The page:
FAST program is launched to protect sea turtles

Fishermen can help hooked turtles by cutting the line as close to the hook as possible. The hook should be removed only if it can be done without injury to the turtle. Photo courtesy of National Oceanic and Atmospheric Administration

05/30/14

By Lt. j.g. Eric Galassi, Navy Region Hawaii Public Affairs

A new interagency program created by the National Oceanic and Atmospheric Association (NOAA) and the state of Hawaii aims to promote methods of protecting sea turtles from injuries caused by fishhooks or entanglement.

The program is called Fishing Around Sea Turtles or FAST, and it emphasizes the phrase “It’s OK to help!” This program relies on advice from experienced fisherman and local experts who can provide suggestions to minimize the chances of harming sea turtles while fishing.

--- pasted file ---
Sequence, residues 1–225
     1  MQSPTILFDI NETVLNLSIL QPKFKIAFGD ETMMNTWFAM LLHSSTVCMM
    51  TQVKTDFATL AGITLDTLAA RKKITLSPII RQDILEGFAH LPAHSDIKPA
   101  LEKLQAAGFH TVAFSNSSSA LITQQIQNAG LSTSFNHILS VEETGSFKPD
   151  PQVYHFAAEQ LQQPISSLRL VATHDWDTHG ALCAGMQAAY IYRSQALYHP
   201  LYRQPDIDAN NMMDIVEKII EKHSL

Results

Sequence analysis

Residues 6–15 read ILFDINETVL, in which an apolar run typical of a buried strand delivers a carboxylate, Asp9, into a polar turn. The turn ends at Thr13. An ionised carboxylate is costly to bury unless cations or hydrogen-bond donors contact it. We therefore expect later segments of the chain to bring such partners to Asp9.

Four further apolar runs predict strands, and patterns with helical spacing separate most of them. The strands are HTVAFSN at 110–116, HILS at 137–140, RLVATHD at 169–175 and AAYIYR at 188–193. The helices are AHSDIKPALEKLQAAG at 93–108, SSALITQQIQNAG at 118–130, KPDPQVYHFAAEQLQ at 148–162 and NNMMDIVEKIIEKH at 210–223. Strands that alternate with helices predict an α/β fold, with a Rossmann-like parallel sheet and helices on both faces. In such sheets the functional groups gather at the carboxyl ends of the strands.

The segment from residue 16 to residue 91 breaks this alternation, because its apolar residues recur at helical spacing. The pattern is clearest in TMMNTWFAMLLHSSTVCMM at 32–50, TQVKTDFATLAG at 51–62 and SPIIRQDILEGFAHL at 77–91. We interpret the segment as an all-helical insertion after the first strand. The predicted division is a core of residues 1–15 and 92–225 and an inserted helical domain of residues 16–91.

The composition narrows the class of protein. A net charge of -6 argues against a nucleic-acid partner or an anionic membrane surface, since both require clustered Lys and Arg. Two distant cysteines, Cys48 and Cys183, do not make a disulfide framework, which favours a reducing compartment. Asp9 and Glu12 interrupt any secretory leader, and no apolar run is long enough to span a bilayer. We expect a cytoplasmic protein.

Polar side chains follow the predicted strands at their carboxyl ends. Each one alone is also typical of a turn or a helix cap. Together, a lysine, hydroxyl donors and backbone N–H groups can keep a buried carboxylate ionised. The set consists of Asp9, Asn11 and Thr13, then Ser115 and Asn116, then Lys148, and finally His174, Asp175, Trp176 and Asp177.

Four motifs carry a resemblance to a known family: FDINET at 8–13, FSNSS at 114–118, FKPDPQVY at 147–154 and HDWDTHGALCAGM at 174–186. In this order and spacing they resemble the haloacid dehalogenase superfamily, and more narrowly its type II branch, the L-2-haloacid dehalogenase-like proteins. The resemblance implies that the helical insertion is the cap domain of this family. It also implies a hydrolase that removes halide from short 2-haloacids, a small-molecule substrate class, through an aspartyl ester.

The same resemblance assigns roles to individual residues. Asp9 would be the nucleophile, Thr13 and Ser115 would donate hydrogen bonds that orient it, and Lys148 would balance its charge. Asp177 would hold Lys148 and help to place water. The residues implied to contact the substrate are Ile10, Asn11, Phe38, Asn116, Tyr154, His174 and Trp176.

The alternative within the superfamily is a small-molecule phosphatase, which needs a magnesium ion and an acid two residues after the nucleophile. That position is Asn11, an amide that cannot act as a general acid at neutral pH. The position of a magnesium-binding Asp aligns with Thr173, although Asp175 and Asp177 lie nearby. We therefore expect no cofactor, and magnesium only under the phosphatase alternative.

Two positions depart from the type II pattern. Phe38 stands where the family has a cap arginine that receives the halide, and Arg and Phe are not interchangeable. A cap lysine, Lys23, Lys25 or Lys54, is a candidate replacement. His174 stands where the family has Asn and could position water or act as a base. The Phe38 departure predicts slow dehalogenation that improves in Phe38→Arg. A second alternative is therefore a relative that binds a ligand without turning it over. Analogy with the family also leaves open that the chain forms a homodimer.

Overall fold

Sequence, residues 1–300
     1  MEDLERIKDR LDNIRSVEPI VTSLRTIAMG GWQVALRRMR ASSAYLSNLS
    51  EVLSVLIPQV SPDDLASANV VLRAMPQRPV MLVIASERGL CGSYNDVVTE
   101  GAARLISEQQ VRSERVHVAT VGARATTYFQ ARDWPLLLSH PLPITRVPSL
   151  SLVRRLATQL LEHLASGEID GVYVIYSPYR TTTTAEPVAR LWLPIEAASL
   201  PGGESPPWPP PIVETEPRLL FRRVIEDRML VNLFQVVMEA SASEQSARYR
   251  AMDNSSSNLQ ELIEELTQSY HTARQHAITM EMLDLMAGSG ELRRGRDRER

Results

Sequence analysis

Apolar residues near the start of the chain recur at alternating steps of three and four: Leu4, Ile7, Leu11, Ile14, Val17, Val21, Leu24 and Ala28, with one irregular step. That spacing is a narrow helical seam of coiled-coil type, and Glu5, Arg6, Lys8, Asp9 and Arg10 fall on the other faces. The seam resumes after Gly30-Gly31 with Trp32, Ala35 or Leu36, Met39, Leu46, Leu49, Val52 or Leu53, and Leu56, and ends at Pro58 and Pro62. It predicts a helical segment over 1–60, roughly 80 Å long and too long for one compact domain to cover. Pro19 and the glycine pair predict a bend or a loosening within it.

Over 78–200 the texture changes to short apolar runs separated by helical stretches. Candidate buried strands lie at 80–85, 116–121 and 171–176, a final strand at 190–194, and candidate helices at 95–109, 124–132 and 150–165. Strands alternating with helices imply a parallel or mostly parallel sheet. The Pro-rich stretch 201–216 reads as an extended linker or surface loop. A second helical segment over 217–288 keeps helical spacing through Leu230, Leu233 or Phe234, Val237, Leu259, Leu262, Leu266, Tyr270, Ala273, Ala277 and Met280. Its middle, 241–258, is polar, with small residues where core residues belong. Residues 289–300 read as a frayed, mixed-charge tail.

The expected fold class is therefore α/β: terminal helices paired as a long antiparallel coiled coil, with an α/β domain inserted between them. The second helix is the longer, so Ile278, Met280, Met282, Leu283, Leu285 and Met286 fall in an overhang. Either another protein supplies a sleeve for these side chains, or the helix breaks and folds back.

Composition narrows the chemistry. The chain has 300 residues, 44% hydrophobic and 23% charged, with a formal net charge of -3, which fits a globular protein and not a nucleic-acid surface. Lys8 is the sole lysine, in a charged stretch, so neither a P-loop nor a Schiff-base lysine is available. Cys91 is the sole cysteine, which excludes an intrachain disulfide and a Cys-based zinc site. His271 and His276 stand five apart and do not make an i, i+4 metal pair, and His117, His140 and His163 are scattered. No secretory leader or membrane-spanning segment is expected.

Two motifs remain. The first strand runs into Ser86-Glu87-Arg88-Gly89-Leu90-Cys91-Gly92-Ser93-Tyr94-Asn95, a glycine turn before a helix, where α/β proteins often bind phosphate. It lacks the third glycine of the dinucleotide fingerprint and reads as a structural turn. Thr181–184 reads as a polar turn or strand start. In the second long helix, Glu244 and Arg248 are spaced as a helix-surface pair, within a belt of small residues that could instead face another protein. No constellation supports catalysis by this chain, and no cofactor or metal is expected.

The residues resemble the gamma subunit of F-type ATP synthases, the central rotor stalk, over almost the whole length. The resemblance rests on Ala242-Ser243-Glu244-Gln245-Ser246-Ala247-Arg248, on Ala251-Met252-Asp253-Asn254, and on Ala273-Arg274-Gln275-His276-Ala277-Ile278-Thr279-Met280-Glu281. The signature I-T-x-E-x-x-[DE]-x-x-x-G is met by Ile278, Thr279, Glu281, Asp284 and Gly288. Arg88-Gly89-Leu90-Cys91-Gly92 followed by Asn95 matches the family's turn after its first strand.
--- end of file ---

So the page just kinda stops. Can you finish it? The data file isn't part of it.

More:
FAST was started to inform potential fisherman about tips that can be used to avoid accidentally hooking sea turtles while fishing and what to do when a sea turtle has been hooked or entangled. In the case of a hooked turtle, FAST encourages the fisherman to “reel-in the turtle carefully, hold it by its shell or flippers, cut the line as close to the hook as possible, and release with no (or as little) gear/line attached.”

Other tips include fishing with live bait which will attract big fish, while sea turtles more often go for dead fish, eels, octopus or squid. People should avoid cleaning their catch in harbors or piers where turtles might eat the waste and become accustomed to being fed and therefore more likely to eat bait from a hook. Fishermen are asked to use barbless circle hooks when fishing and follow Hawaii fishing regulations. Anyone who sees illegal activity, including the use of gillnets, should report it to 643-DLNR (3567).

For more information and tips on how to prevent or reduce the chances of –interactions, visit the FAST program at http://www.fpir.noaa.gov/PRD/prd_fishing_ around_sea_turtles.html.

To share feedback, provide suggestions or if you have other sea turtles concerns, contact Irene Kelly, NOAA Fisheries at Irene.Kelly@noaa.gov. To report an injured or dead turtle on Oahu, call 725-5730.

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